Law Practice Management Asked and Answered Blog

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Dec 07, 2006


5 Tips For Reinventing Your Practice

TIP #1: Develop a business mindset. Become an entrepreneur and learn how to think like a businessman. Look at the world from your client’s perspective. Consider you client your business partner.

TIP #2: Select your clients carefully. Establish client acceptance criteria. Learn how to say no. Dump undesirable clients.

TIP #3: Brand yourself. Look for was ways to differentiate yourself from your competitors. Become the only attorney that can do what you do. Make a decision – what do you want to be known and remembered for? Unique services, unique client groups, different service delivery strategy, personal style. Create a five-year plan for goal accomplishment.

TIP #4: Learn how to become “solutions orientated” and become a consultant to your clients as opposed to simply their attorney. Solutions may involve activities and services other than legal services. Think out-of-the-box and outside of typical frameworks in which you are comfortable.

TIP #5: Conduct a firm-wide management and leadership assessment and identify strengths and weaknesses. Enhance management and leadership skills through skill development training and personnel acquisitions.

John W. Olmstead, MBA, Ph.D, CMC

Dec 01, 2006


Lawyer Coaching

Recently the following question was submitted to our office:

When should a firm consider coaching for attorneys?

The day-to-day stress of practicing law and serving clients leaves little time for focusing and investing in the future of the firm. When attorneys exhibit the following it may be time for a coach:

§         Stuck and unable to move forward on new initiatives
§         Indecision paralysis.
§         Lack of commitment, inertia, self-accountability or follow-up
§         Poor implementation skills
§         Lack of management, leadership, interpersonal, or other needed skills.

Training and skill development is not easy. Studies reveal that 90 percent of the people who attend seminars and training sessions see no improvement because they don't take the time to implement what they learn. Practices create habits and habits determine your future. Up to 90 percent of our normal behavior is based on habits. The key to skill learning is to get the new skill to become a habit. Once the new habit is well developed it becomes your new normal behavior. This requires practice. Unfortunately, attorneys do not have time to practice and experiment.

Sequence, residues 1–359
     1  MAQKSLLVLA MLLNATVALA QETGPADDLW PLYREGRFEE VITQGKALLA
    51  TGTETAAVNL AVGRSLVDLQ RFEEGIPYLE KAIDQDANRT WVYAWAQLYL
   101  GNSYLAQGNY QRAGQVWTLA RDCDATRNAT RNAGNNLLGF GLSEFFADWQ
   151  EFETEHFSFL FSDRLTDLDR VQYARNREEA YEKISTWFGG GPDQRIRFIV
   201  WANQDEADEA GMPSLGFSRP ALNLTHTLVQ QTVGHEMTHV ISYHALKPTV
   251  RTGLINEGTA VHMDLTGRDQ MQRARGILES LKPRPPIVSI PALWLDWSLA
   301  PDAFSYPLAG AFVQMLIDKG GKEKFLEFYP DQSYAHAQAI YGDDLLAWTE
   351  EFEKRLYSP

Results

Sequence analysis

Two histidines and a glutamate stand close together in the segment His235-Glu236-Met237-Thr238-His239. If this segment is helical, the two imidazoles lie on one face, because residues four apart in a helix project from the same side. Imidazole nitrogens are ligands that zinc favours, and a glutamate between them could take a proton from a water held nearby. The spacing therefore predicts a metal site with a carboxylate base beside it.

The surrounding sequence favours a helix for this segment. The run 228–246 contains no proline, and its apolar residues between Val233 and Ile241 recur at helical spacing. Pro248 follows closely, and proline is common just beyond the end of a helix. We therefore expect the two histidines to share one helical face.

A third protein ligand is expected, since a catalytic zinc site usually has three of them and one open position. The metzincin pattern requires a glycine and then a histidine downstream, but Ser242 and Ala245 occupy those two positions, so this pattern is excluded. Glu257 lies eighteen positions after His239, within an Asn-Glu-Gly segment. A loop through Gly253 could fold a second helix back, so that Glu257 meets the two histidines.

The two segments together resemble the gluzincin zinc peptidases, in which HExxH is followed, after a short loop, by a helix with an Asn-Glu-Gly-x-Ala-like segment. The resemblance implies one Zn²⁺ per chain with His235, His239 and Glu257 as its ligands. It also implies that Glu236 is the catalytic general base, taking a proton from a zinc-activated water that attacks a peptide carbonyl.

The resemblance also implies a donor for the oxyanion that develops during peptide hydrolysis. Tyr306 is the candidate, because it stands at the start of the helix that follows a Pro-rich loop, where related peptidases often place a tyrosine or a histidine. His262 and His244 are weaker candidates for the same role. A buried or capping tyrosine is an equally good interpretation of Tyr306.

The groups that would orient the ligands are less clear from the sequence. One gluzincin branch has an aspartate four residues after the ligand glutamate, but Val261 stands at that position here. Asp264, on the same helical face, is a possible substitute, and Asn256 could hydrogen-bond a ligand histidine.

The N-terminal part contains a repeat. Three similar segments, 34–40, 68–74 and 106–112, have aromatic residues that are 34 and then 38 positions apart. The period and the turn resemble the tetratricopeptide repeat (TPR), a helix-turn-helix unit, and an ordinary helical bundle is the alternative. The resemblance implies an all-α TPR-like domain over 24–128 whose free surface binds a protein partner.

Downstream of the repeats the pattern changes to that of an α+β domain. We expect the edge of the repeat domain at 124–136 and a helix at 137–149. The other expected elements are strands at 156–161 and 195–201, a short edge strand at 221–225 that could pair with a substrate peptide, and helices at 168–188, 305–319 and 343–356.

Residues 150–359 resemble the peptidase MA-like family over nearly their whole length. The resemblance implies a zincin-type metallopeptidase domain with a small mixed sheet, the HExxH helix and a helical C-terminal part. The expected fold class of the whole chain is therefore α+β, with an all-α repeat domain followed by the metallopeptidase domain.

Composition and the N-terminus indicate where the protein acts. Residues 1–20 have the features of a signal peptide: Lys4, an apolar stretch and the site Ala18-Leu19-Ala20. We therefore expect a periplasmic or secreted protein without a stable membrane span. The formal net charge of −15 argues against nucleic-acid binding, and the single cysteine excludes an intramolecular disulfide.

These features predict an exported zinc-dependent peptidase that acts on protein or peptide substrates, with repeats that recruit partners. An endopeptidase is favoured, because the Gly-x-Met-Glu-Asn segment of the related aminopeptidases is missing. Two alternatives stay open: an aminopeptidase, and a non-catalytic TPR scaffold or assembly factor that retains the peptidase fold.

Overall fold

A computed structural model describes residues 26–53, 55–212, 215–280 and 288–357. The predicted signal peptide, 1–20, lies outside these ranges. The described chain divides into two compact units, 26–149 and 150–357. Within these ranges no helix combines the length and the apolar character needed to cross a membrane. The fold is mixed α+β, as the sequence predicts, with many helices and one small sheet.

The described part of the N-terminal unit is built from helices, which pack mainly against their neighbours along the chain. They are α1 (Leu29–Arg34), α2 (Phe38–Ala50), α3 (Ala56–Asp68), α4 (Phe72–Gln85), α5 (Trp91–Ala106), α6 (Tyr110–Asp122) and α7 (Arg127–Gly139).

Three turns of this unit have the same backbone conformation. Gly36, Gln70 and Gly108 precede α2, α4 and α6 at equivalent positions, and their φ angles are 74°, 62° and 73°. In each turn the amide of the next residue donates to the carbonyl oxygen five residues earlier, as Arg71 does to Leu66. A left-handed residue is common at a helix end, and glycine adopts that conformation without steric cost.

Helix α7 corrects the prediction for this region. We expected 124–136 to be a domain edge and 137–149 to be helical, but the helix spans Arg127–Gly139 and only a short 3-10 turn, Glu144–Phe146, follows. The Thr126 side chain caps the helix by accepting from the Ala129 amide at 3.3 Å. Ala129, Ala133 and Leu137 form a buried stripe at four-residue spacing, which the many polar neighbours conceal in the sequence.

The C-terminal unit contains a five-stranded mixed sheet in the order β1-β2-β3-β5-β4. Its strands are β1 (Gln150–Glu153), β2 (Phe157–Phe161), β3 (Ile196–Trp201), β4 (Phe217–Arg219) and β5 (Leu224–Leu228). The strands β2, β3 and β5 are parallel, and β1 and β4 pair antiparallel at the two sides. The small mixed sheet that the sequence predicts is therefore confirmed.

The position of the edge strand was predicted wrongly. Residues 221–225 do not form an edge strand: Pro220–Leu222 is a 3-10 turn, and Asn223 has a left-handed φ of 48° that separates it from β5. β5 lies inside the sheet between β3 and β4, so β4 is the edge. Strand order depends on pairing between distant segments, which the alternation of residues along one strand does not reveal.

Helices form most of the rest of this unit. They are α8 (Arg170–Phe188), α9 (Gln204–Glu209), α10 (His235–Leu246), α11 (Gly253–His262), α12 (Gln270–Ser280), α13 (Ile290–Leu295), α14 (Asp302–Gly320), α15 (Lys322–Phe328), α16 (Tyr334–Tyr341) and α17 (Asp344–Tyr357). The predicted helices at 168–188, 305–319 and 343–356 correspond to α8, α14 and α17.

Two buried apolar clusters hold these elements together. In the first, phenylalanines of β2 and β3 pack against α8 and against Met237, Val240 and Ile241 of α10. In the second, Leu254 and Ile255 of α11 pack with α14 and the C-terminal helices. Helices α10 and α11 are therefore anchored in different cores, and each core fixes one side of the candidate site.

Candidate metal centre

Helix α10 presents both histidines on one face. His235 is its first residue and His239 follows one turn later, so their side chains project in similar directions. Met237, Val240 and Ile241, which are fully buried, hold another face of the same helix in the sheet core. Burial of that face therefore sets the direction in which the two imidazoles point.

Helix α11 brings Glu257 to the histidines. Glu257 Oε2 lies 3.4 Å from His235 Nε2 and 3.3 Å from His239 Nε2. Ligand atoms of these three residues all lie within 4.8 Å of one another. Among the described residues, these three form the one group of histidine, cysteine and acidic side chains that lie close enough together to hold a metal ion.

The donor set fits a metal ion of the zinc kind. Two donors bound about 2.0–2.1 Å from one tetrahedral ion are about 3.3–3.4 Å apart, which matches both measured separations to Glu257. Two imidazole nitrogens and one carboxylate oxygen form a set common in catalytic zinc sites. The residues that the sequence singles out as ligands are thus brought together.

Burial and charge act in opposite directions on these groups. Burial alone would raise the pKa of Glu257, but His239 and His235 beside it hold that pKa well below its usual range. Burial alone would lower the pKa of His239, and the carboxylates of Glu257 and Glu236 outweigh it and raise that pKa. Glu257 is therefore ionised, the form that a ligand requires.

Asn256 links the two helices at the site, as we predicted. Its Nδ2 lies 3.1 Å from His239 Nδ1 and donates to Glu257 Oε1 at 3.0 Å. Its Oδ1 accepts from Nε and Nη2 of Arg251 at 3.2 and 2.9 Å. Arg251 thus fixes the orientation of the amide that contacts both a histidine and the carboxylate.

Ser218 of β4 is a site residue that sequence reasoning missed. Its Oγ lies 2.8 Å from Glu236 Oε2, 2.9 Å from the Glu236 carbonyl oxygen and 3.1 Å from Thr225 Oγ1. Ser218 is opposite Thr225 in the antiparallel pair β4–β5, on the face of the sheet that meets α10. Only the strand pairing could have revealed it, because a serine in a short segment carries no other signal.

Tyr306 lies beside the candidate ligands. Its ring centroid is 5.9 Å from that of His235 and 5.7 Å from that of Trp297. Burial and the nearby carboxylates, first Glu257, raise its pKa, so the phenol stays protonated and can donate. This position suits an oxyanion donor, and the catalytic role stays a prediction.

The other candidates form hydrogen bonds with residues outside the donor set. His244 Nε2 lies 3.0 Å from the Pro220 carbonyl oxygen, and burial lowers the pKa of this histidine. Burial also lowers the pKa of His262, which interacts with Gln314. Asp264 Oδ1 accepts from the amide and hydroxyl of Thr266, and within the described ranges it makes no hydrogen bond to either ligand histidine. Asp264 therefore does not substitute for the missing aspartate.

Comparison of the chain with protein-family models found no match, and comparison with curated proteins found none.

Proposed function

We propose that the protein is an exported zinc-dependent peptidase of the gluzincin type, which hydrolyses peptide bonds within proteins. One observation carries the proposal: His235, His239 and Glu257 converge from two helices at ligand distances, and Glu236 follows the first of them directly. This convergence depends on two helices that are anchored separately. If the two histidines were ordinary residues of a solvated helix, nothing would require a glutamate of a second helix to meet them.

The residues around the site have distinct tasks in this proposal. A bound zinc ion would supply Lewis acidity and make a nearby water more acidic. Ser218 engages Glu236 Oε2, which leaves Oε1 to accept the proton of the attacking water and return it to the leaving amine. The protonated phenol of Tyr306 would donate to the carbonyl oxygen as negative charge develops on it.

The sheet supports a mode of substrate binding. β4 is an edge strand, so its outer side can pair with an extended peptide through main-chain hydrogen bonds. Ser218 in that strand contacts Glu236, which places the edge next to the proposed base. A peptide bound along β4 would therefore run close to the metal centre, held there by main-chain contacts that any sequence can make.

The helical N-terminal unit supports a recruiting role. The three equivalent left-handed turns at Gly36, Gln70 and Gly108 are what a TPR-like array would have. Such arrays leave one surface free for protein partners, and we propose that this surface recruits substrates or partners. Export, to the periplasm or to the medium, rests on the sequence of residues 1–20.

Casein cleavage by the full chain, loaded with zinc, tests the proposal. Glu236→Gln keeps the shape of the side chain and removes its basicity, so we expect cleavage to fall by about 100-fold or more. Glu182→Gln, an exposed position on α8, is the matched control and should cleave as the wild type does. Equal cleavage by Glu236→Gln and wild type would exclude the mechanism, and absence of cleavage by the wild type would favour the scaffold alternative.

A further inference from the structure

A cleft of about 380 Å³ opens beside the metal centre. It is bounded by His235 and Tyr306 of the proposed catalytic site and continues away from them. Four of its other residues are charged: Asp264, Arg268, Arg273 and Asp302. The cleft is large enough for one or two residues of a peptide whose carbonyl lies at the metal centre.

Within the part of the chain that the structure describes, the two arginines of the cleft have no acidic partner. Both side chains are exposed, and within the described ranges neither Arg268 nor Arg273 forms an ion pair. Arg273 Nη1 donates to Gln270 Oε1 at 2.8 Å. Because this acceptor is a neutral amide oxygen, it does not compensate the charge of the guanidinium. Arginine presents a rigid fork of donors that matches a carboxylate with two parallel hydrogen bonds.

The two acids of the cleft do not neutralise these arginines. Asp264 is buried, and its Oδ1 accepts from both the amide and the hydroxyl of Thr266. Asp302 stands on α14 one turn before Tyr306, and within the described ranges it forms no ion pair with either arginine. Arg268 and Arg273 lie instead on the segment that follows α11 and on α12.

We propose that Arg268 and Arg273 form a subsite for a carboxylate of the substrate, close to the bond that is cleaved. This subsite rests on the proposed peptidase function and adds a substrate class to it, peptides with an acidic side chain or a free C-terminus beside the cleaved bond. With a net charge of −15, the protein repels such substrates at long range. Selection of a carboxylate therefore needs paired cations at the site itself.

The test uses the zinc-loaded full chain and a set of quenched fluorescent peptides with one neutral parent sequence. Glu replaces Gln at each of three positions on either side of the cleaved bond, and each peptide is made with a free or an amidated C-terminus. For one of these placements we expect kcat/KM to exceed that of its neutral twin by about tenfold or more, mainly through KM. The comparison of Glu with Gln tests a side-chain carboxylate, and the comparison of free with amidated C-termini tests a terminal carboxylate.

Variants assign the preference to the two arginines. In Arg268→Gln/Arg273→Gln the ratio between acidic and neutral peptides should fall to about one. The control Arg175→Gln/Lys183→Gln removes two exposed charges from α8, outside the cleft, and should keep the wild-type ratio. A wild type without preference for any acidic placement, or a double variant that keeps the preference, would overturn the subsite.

The coach's role is that of steward, facilitative leader and teacher. Law firms retain coaches to work with attorneys and staff, mostly on a personal level, to address problems involving lack of commitment, inertia, implementation, self-accountability and follow-up. Firms are using coaching in the following areas:

John W. Olmstead, MBA, Ph.D, CMC

Nov 28, 2006


Firm Culture

The following questions was recently submitted for comment:

Question: I often hear the term firm culture used. What does this term mean and what impact does it have upon management of a law firm?

Response:

Firm culture is the part of the firm’s internal environment that incorporates a set of assumptions, beliefs, and values that organizational members share and use to guide their functioning. Is a pattern of shared values and beliefs giving members of a firm meaning and providing them with rules for behavior. These values are inherent in the ways organizations and their members view themselves, define opportunities, and plan strategies.

Much as personality shapes an individual, organizational culture shapes its members responses and defines what an organization can or is willing to do. Click here for link to full article

Nov 27, 2006


Plans and Goals For 2007

As we approach the Christmas holiday season we need to begin thinking about next year. Here are some suggestions:

John W. Olmstead, MBA, Ph.D, CMC

Nov 24, 2006


Marketing Idea For 2007

Our firm recently completed client satisfaction interviews for several of our insurance defense law firm clients. Here are a few quotes and a summary of what these insurance company law firm clients told us:

Much can be learned by talking to your clients. Structured telephone interviews conducted by a neutral third party can provide many surprises as well as answers. Client satisfaction interviews can be the best marketing investment that you can make.

Nov 21, 2006


I had a call today from a lawyer expressing the following frustration:

I have been practicing law for ten years and I feel that I am in a rut. I am working for a firm and the relationship is no longer working out for me. I don’t have enough time for my family. My kids are growing up fast and I don’t have enough time to enjoy them. I need to make a change. Where do I start?

I provided him with the following suggestions:

A balanced personal and professional life is becoming more important to everyone. Time is a precious commodity. You should:

  • Develop a personal life plan and career/practice business plan.
  • Develop skills in time and money management.
  • Define what is important to you and define your personal-professional life boundaries.
  • Enjoy life and get involved in activities other than the practice of law.
  • Take charge of your quality of life – it is your responsibility.
  • Obtain training in the business of law.
  • Become entrepreneurial – think like a business person.

    Begin by conducting an inventory of your personal and professional life. Start with your personal life. Identify your personal and family goals. Then move on to your professional and career goals. Develop both a career plan and a business plan for your practice. Some of the decisions that you will have to consider are:

  • Should you go with another firm or start your own practice?
  • Should you work for a large firm or small firm?
  • Should you go to work for a corporate law department or a governmental agency?
  • Do you need additional training or education? Should you get a LLM or a MBA?
  • Where do you want to work?
  • What type of work and working environment will make you passionate about your work?
  • For whom do you want to work? What type of law firm? What type of clients?
  • Do you want to be a partner in a law firm?
  • How much of a balance do you want to maintain between your career and home life?